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Will Connolly, 17, has received an official caution from police over the incident, prompted by what the teen's lawyers described as a passionate point of view.
Senator Anning, 69, also avoided charges for subsequently striking the youth.
However, police on Tuesday said a man would be charged with assault for allegedly kicking Mr Connolly while he was on the ground at the Moorabbin event on March 16.
The incident followed remarks from the senator blaming Muslim migrants for the New Zealand terror attack in which a white supremacist killed 50 worshippers at Mosques.
"On assessment of all the circumstances, the 69-year-old's actions were treated as self defence and there was no reasonable prospect of conviction," police said in a statement on Tuesday.
Mr Connolly's lawyer Peter Gordon said the teen had been counselled about his behaviour by his parents as well as police, who had thankfully taken a common sense approach.
"It was the wrong way of going about what was a passionately-held belief and desire for a greater level of civility from our community and from our politicians," he said.
"On the other hand he acknowledges that it has brought a lot of happiness and relief to a lot of people and has brought together a lot of people who, like him, share a desire for a greater level of acceptance and decency and civility in our public and political discourse."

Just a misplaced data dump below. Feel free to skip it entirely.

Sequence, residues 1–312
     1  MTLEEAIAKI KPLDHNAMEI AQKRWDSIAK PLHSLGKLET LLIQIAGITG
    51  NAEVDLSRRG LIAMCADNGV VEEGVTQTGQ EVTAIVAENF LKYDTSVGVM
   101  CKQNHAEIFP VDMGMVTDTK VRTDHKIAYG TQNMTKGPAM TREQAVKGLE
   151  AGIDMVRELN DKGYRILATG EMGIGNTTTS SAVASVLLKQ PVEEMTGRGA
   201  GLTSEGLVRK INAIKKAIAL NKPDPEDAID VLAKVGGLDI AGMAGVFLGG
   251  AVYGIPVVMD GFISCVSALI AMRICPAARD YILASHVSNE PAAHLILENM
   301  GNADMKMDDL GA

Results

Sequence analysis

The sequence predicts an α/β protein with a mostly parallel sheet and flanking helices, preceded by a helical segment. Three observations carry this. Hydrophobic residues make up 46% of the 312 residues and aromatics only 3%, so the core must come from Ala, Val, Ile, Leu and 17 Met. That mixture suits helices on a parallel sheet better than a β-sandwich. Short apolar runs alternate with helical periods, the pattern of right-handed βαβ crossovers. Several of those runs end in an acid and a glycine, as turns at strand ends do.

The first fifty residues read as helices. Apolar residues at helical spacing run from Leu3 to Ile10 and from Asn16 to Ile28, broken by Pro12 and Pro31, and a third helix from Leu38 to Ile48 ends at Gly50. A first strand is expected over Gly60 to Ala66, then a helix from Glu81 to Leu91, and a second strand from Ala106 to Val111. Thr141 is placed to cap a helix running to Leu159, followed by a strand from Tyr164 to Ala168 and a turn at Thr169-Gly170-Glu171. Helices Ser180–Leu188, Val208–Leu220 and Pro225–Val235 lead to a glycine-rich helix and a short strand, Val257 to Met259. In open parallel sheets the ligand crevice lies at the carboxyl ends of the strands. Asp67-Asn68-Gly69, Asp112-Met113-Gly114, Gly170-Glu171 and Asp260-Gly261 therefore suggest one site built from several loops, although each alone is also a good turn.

Mr Gordon said Mr Connolly regretted his actions and understood politicians have the right to express their views without being egged.
Mr Connolly doesn't intend pursuing complaints against Senator Anning or others involved.
Detectives had launched a public appeal for information to find the man seen kicking him following the egg smashing.
A 20-year-old from West Footscray was questioned and released on Tuesday and is expected to be charged on summons.
More than $100,000 was raised by the public for Mr Connolly's legal action but will be donated to the Christchurch Foundation to support victims of the March terror attack.
Senator Anning was censured by parliament last week over his divisive comments.
Labor's Senate leader Penny Wong described his commentary as pathetic.